Second, EBITDA in FY 2008 was $924k. EBITDA then declined to $835k by FY 2012. These data points were used in the bear narrative to support the thesis that the business was in secular (versus cyclical) decline. However, results in FY 2013 as well as FY 1Q'14 demonstrate that the long-term growth thesis remains intact. Furthermore, it is likely that multiples continue to expand as the market gives full credit for the long-term growth trajectory that the Company has been able to demonstrate since its founding in 1960.
Lastly, current price levels are similar to the highs experienced by the Company in early 2005. It has taken the Company's stock almost nine years to recover to a similar price level. During that time, the Company has significantly improved its fundamentals.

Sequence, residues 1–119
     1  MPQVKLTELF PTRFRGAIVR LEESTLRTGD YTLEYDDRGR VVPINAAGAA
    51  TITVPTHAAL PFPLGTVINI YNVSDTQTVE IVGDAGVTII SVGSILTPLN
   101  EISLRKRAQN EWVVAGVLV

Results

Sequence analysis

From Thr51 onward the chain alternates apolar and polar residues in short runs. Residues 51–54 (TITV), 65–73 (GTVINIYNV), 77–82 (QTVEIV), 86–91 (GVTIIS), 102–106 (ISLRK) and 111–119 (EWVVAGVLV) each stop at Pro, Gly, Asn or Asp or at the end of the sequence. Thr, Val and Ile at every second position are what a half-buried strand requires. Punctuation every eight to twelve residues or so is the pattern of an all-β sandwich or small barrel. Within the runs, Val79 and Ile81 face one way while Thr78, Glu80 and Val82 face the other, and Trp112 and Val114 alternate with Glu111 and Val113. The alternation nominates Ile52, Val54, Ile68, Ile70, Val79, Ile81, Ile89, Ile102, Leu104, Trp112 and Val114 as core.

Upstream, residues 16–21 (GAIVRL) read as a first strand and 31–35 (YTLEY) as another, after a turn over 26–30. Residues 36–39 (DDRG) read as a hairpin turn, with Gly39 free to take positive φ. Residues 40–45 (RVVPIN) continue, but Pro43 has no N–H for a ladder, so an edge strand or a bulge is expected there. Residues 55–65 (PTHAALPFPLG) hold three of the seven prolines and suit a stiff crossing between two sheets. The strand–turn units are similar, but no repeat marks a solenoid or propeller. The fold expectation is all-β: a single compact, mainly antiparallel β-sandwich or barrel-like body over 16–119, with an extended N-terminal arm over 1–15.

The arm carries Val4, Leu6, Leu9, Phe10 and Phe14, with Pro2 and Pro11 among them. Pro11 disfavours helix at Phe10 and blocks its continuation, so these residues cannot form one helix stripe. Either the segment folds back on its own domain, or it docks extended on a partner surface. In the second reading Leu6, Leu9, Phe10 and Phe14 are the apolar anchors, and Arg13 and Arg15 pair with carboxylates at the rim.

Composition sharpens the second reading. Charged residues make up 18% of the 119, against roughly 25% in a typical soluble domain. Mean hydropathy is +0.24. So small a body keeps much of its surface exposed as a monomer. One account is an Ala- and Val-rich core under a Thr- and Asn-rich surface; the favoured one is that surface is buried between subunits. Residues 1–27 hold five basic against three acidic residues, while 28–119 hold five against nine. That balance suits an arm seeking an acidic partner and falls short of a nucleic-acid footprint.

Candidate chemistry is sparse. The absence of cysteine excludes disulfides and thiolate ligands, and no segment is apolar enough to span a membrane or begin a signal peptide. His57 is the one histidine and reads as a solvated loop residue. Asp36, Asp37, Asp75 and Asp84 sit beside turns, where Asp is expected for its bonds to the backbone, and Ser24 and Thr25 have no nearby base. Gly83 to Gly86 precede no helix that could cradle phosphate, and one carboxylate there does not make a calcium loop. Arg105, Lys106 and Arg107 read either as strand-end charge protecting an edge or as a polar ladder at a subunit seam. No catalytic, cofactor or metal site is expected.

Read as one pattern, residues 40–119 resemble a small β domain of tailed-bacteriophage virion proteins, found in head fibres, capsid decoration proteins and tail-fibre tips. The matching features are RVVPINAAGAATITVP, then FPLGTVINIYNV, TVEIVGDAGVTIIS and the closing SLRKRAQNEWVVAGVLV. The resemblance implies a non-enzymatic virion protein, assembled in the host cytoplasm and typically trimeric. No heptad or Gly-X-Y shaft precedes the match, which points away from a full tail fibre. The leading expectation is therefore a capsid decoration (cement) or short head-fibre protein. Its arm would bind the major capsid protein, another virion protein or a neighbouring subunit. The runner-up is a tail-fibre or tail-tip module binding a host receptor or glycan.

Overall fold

EnviroStar is in an ordinary business with a track record demonstrating that it is able to execute extraordinarily well. The Company's leading market position, favorable regulatory catalysts, favorable long-term demographic trends and superb management team, will allow this Company to grow over the next 5, 10 or 20 years.
Attractive valuation levels (value is its own catalyst)
Growth driven by increased demand for commercial and laundry equipment resulting from (i) rising water and resource costs and (ii) regulatory catalysts and (iii) long-term population and income growth.
EnviroStar has two wholly-owned subsidiaries, Steiner-Atlantic Corp. ("Steiner") and DRYCLEAN USA License Corp ("Dryclean USA").